For all of June, July, and the first two weeks of August, customers were not aware of that possibility, though, as Experian first sought to plug the leak.
This week the company said it had secured the hardware the information had been stored on via an Anton Piller, a court order that allows for search and seizure without prior warning in order to preserve evidence in civil cases.
“[W]e delayed publishing the incident due thereto that the Anton Piller is reliant on the element of surprise and we therefore could not make the incident public,” the company told Business Insider South Africa on Thursday.
Experian said it had detected the breach on 22 July – 57 days after handing over the data.
“The fraud was detected once Experian struggled to contact the representative of the company on his mobile and then attempted to make contact on the company’s landline,” the company said in response to questions. “The actual person who was impersonated confirmed that he did not have any dealings with Experian.”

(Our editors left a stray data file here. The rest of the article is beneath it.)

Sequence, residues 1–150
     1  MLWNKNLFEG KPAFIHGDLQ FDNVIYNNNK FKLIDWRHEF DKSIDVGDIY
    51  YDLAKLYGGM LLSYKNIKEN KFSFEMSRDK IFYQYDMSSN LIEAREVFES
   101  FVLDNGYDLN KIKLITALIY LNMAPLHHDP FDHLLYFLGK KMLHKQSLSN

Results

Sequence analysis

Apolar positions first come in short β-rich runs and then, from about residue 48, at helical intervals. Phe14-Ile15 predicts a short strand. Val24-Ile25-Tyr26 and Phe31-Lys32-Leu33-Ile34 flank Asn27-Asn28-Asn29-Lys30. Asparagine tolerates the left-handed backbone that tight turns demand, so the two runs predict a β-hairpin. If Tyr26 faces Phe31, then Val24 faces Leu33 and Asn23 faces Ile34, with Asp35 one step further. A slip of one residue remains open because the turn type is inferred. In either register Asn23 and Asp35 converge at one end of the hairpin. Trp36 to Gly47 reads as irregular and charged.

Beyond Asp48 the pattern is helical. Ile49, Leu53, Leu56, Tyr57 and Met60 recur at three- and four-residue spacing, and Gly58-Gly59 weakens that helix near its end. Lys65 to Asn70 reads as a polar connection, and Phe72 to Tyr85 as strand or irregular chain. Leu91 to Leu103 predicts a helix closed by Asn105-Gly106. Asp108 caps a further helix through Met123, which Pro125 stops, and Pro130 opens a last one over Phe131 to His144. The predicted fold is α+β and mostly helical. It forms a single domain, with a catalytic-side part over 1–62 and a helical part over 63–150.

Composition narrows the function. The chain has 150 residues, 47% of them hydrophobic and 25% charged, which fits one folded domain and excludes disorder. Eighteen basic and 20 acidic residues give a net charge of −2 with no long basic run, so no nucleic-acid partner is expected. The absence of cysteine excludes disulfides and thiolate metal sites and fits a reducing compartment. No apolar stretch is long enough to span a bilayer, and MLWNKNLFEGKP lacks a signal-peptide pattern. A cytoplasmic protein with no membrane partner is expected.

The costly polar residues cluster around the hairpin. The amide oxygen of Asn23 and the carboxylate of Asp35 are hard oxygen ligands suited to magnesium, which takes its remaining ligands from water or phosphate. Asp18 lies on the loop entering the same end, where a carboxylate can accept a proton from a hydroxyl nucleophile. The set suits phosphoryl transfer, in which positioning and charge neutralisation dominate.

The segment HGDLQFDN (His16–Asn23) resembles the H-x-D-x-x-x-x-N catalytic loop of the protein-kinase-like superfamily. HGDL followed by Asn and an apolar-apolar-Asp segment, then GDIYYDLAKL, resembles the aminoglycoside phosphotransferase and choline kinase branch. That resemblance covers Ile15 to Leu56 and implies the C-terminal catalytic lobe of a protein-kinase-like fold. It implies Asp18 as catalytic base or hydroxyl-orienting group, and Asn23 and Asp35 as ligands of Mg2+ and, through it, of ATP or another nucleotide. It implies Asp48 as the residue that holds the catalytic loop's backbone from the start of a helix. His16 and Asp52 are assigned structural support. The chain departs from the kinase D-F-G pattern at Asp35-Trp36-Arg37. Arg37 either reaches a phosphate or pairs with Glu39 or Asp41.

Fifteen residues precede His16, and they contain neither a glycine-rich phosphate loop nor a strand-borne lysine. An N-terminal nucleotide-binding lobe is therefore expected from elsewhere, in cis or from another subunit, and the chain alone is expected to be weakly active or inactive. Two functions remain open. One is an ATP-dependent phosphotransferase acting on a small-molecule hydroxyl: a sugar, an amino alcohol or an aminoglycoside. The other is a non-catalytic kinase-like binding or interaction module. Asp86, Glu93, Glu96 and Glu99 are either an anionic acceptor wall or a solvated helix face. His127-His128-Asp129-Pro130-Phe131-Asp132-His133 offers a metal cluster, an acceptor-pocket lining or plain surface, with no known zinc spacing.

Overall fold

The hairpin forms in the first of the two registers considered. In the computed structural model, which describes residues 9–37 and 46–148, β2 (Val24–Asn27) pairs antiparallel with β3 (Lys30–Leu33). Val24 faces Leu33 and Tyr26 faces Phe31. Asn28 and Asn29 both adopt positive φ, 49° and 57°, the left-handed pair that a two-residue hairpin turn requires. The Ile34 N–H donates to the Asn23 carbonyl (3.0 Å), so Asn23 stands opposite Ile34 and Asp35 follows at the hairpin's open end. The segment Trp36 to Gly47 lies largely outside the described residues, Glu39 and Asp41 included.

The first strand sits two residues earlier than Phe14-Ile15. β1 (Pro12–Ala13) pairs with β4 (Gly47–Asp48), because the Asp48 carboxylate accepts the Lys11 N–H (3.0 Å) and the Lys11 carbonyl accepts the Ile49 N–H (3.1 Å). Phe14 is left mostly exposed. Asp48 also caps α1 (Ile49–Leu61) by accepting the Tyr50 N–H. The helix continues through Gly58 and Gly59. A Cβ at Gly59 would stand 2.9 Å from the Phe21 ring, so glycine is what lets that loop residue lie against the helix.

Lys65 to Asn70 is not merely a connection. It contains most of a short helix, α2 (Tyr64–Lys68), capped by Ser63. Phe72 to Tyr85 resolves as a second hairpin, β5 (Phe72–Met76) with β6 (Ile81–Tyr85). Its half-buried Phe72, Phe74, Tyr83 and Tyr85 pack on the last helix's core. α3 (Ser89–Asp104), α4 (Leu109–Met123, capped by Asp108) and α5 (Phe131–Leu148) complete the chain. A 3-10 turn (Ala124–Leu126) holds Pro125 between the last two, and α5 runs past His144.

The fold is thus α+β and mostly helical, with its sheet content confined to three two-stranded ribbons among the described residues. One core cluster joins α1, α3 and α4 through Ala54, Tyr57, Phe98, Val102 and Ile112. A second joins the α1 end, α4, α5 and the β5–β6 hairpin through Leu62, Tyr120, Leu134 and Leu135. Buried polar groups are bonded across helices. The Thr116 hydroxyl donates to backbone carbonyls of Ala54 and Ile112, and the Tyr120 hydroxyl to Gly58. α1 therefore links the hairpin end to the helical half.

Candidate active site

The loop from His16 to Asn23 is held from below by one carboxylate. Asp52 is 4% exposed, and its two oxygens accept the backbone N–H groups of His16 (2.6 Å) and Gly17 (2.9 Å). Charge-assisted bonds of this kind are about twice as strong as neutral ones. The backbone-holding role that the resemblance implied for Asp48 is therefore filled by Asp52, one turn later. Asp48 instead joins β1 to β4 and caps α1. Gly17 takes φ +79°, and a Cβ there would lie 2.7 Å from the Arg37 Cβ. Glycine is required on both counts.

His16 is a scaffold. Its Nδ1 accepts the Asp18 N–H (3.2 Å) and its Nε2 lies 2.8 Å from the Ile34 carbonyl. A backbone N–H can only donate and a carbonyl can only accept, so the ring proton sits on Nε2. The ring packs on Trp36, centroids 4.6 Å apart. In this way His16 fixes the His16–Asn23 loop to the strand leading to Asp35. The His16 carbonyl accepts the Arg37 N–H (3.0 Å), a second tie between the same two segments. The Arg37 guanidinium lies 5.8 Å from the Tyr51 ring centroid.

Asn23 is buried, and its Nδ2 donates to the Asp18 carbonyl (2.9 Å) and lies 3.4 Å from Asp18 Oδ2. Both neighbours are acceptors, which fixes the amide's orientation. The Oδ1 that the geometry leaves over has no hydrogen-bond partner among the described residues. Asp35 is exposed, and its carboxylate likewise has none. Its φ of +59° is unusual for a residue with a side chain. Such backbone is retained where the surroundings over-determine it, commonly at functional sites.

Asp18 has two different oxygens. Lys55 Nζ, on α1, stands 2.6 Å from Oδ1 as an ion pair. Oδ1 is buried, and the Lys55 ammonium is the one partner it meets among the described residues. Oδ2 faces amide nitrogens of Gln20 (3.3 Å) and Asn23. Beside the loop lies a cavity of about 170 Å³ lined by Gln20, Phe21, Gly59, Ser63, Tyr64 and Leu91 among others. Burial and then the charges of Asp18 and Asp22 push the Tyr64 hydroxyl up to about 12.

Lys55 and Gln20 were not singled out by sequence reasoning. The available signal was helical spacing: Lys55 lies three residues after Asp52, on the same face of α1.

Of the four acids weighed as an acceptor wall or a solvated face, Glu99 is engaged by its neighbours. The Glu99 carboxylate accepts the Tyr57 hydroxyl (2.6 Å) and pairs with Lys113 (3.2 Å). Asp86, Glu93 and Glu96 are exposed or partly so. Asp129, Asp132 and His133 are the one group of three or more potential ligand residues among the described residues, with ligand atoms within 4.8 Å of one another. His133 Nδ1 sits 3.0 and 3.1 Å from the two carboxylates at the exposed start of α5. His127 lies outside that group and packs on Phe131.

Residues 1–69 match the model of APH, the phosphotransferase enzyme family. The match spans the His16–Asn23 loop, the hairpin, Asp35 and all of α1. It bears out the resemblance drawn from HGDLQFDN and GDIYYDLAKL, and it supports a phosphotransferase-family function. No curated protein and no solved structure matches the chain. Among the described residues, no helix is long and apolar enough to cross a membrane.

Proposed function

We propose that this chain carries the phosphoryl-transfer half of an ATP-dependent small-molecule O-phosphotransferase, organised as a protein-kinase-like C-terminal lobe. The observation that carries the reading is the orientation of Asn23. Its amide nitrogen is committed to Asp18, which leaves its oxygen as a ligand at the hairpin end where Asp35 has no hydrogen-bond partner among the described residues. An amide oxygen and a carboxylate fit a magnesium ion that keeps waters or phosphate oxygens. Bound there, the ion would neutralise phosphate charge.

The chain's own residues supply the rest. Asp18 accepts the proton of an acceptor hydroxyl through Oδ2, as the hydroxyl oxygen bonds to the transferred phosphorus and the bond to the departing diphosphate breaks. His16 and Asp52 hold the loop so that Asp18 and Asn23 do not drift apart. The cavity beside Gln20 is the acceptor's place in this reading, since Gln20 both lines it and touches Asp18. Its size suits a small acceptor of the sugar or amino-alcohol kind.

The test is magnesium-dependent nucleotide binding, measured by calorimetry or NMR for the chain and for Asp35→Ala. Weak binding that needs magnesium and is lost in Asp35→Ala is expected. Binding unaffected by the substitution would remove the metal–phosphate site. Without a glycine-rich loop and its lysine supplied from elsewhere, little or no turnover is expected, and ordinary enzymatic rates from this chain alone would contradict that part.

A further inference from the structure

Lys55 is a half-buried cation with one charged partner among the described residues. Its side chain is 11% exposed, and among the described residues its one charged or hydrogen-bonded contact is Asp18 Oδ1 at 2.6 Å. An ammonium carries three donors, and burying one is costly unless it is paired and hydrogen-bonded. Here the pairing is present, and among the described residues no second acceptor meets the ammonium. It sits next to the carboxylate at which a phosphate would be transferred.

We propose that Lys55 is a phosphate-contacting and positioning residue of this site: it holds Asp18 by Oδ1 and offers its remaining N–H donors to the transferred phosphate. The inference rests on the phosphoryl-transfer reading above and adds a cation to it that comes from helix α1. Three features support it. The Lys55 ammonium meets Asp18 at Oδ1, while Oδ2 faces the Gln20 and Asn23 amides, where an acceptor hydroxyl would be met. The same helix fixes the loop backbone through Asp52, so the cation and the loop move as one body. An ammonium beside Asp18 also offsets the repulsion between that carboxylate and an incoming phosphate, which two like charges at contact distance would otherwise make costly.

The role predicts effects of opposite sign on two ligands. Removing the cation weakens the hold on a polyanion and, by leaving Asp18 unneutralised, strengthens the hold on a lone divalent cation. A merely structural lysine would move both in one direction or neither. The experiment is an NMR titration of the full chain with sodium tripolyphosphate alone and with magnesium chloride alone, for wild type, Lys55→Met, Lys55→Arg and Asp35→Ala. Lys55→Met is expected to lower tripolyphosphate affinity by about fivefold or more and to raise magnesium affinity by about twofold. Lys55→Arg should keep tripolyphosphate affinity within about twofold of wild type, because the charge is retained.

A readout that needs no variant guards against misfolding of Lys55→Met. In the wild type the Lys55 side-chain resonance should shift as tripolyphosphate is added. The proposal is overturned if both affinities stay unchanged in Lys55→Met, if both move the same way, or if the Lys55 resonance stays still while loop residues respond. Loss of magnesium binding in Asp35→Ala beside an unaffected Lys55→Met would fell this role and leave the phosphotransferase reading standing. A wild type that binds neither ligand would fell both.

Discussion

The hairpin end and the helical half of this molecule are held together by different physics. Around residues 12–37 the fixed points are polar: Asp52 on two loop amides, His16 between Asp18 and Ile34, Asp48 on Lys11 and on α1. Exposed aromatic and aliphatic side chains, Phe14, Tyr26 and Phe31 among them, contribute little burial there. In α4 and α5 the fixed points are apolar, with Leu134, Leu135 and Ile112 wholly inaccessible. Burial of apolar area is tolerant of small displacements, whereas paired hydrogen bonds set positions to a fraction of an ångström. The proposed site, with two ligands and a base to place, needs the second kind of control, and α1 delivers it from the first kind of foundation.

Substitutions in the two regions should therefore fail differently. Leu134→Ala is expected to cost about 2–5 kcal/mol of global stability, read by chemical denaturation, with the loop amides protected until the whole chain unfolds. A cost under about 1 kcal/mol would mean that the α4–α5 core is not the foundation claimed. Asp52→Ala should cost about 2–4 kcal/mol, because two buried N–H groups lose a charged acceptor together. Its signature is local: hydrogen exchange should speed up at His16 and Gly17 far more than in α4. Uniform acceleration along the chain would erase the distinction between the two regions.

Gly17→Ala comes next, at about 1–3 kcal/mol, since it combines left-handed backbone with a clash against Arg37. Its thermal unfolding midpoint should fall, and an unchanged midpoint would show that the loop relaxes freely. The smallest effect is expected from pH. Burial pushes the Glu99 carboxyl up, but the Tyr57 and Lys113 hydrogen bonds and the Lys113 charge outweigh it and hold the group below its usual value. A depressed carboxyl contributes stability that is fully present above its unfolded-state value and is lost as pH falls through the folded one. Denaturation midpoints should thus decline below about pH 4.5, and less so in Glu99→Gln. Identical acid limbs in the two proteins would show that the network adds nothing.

It immediately started to investigate, Experian said, but needed “to ensure that we have the necessary evidence that is required to apply for the Anton Piller order.”
It actually applied for that order on 13 August, 79 days after handing over the data.
The order was fully executed by 18 August – 84 days after the breach.
On Thursday Experian said it believes “that the incident has been contained”, after it seized hardware from the suspected fraudster and the data was “secured and deleted”.
Asked why it believed the data had not been sold or otherwise passed on in three months, the company said: